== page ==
An economic slowdown is a contraction in the economy. This can be viewed by several indicators, including lower gross domestic product (GDP), higher unemployment, lower industrial production, lower business investment, decline in retail sales, and a decrease in corporate profits. Not all of these factors need to be present for an economic slowdown, but these are some of the main indications to watch for regarding the overall health of the economy.
With 20 central banks indicating they may lower interest rates even further, a world economic slowdown underway, and bellwether copper prices collapsing, U.S. multinational companies (and their stock prices) will not escape the malaise facing the global economy.
Central Banks Concerned Regarding Global Economic Slowdown?
The mainstream media will have you believe central banks across the global economy are slashing their benchmark interest rates…. Read More
To see where the global economy is headed, I follow the prices of oil and copper. The prices of these commodities tell us about demand in the global economy. If the prices of oil and copper are rising, it means there’s prosperity. If the opposite occurs, it means industry (factories) is not busy and that a global economic slowdown is not far away…. Read More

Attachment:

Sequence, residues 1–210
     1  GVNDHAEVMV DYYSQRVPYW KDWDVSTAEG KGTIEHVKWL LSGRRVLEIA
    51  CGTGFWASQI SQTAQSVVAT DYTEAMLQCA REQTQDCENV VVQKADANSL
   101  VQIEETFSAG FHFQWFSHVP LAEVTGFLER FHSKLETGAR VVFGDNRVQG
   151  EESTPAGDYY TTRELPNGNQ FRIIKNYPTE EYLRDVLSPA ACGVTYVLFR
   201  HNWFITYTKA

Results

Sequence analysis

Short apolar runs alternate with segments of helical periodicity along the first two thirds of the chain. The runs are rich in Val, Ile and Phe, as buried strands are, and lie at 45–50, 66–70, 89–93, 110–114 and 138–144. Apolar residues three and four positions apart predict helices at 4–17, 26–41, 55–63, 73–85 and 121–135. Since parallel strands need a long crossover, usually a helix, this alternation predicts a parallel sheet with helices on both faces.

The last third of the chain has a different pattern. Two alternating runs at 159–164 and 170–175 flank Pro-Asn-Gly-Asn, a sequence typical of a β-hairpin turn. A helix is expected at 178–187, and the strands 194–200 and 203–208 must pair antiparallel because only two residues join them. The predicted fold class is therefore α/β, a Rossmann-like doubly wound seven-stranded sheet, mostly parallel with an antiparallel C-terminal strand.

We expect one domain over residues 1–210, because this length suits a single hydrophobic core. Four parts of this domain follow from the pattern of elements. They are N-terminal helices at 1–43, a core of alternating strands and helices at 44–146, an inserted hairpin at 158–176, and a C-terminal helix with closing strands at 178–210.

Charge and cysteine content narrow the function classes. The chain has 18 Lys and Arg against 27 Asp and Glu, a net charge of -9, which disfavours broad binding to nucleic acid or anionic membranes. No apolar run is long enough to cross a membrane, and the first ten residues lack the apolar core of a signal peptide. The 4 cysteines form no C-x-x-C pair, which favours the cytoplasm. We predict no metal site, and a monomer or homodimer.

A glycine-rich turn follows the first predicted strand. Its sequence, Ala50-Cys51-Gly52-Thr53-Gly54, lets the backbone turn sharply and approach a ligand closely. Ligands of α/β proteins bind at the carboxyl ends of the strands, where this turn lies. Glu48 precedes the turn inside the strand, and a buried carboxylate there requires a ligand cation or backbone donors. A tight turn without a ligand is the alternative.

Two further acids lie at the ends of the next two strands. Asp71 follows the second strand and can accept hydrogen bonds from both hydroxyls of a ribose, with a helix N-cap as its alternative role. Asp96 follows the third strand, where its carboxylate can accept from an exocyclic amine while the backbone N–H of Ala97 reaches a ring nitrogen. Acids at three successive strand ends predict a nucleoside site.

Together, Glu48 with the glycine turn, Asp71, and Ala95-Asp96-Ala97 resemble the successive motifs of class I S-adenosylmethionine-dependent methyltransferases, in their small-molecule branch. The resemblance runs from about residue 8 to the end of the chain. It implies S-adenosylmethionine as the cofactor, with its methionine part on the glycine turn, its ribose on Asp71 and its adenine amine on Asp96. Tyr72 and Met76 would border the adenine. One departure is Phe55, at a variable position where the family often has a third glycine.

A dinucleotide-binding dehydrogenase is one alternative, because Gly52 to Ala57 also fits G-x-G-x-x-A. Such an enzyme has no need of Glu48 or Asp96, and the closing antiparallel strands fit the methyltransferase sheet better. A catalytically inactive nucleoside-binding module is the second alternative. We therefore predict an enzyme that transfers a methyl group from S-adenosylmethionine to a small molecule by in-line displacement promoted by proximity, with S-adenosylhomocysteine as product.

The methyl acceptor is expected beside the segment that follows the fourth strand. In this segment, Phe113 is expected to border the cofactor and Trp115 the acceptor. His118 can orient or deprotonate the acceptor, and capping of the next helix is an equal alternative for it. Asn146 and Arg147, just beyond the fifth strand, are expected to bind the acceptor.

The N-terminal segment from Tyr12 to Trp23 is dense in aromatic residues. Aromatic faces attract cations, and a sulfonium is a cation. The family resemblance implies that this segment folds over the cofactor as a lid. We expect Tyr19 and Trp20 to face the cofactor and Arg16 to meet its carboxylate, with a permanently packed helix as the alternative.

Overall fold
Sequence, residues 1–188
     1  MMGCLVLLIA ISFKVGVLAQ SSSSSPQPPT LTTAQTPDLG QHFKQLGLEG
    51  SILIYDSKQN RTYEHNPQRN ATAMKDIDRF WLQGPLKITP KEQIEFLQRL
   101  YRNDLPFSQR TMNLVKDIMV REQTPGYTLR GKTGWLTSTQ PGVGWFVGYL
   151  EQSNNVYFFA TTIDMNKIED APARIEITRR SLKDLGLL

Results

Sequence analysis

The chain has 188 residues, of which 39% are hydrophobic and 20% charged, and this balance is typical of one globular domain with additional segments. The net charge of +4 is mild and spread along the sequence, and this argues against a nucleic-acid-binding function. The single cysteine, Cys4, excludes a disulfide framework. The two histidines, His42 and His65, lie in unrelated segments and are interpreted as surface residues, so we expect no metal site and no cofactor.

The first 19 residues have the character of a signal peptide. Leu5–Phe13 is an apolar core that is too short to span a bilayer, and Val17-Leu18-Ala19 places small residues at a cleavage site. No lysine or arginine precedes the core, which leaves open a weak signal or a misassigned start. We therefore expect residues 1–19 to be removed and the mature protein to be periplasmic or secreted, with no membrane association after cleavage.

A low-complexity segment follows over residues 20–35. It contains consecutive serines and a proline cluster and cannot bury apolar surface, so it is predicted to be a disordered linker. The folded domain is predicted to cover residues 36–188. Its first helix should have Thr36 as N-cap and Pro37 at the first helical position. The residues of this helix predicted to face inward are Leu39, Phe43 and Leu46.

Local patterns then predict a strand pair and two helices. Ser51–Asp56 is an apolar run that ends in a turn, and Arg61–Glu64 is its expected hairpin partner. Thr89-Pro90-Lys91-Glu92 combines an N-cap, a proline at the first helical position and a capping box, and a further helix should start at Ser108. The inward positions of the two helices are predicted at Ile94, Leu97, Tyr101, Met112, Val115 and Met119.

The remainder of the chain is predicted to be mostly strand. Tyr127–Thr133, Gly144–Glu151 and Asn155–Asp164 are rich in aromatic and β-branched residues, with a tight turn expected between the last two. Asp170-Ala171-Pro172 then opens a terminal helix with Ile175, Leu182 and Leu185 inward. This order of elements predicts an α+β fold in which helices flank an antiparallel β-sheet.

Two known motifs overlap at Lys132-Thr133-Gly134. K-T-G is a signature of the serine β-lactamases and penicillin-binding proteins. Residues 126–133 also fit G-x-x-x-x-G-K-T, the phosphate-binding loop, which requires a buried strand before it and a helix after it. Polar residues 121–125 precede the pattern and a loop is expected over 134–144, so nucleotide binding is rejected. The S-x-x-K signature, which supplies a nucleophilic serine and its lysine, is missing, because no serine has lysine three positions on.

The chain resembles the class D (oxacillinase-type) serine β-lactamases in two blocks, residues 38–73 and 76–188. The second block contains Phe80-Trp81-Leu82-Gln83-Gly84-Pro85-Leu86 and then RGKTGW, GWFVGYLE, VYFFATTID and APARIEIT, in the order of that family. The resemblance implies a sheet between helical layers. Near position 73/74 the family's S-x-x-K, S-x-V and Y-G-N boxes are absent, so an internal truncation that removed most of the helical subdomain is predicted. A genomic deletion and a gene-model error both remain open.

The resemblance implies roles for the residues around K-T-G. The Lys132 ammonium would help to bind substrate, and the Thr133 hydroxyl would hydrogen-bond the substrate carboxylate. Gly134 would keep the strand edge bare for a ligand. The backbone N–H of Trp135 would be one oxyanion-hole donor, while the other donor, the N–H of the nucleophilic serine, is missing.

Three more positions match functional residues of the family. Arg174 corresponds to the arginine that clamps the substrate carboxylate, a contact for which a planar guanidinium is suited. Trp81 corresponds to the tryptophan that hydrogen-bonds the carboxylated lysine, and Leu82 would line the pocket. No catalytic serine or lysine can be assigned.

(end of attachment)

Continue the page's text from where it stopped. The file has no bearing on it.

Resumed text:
Now that the Dow Jones Industrial Average has fallen 1,035 points (six percent) from its mid-September peak, the question investors are asking is “how far will she go?” For small-cap investors, the drama is greater, as the Russell 2000 Index has fallen 12.5% from its July peak.
Since 2009, every market pullback presented investors with an opportunity to get back into stocks at discounted prices…. Read More
So the S&P 500 has touched the 2,000 mark.
Will the S&P 500 continue to march to new highs?
Well, my opinion towards the stock market hasn’t changed. I remain skeptical for a variety of reasons, many of which I have shared with my readers over the past few months.
But I have a new concern about the stock market, something that hasn’t been touched on by analysts: trading volume is collapsing…. Read More
Not too long ago, I reported that Italy, the third-biggest economy in the eurozone, had fallen back into recession.
Now Germany’s economy is pulling back. In the second quarter of 2014, the largest economy in the eurozone witnessed a decline in its gross domestic product (GDP)—the first decline in Germany’s GDP since the first quarter of 2013…. Read More